Sgt Teacup, Jul 12 2021
  

       Failing to find a suitable likeness related to [Sgt]*, for example, another nominal nominal fee may be paid to 'insert' customer's face (see Deep Fake).   

       *We are informed that we are very likely 'one of a kind', 'they broke the mold', and so on. We are unclear if this is a compliment. You may have experienced the same compliment/slur, thus the upgrade option.
Sgt Teacup, Jul 12 2021
  

       So "You, in some elses's Ancient Painting"   

       Whatever happened to You, in someone else's vacation pictures"
theircompetitor, Jul 12 2021
  

       Very clever. [+]
doctorremulac3, Jul 12 2021
  

       //'they broke the mold'//   

       By "they", do you mean the Health & Safety staff, taking the mold away in hazmat suits, placing it carefully in a metal press, and then dissolving the fragments in hydrochloric acid?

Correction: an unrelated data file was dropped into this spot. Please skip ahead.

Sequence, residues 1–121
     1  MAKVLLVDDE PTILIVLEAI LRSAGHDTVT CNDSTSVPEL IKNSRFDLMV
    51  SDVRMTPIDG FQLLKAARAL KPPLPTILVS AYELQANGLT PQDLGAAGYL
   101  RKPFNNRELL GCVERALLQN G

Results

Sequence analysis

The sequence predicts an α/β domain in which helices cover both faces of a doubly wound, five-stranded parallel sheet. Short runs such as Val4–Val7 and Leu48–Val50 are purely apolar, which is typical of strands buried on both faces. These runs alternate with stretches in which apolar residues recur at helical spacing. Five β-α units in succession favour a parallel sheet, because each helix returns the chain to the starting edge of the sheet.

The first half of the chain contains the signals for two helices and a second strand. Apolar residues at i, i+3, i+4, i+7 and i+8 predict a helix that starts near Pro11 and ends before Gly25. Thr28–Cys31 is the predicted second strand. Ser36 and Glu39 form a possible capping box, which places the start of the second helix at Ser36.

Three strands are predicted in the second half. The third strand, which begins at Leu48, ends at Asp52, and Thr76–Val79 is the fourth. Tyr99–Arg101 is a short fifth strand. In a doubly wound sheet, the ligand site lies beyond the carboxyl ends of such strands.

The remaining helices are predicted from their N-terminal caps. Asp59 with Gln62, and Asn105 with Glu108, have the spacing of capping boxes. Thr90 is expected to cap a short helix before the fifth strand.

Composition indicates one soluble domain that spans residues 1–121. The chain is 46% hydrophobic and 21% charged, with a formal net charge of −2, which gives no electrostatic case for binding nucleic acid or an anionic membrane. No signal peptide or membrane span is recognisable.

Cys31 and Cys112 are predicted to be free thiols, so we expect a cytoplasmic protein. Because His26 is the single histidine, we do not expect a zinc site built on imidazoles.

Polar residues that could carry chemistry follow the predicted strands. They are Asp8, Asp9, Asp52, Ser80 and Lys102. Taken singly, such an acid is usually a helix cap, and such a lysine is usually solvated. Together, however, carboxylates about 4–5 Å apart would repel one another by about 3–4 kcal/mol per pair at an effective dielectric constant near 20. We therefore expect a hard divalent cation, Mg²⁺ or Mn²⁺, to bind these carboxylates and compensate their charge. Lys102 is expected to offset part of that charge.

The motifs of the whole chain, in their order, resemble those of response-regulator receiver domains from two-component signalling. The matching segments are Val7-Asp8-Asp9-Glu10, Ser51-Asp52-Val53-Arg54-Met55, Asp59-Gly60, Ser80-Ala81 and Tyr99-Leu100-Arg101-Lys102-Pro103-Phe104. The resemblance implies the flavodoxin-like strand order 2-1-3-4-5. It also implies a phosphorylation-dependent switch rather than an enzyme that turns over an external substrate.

(Someone has to be on Borg duty, right?).
pertinax, Jul 13 2021
  

       Possibly, [pert]. I appreciate your carrying on the good works* of [8th] and [MB] where possible.   

       My birth was almost definitely attended by a Men In Black clean up crew, complete with neuralyzer to erase the memory that there was ever even a mold.   

       Whoops, I've said too much.   

       *good works = 'amusing, erudite smackdowns'
Sgt Teacup, Jul 13 2021
  

       Another version of this could map the individual's pose or just their expressions against those found in great works (Judith doing her thing, Saturn munching, Truth clambering out her well), to allow participation by those whose faces don't resemble any face of a person who was back then regarded as sufficiently wealthy or interesting to get their picture did.
calum, Jul 13 2021
  
      
[annotate]
  


 

back: main index

business  computer  culture  fashion  food  halfbakery  home  other  product  public  science  sport  vehicle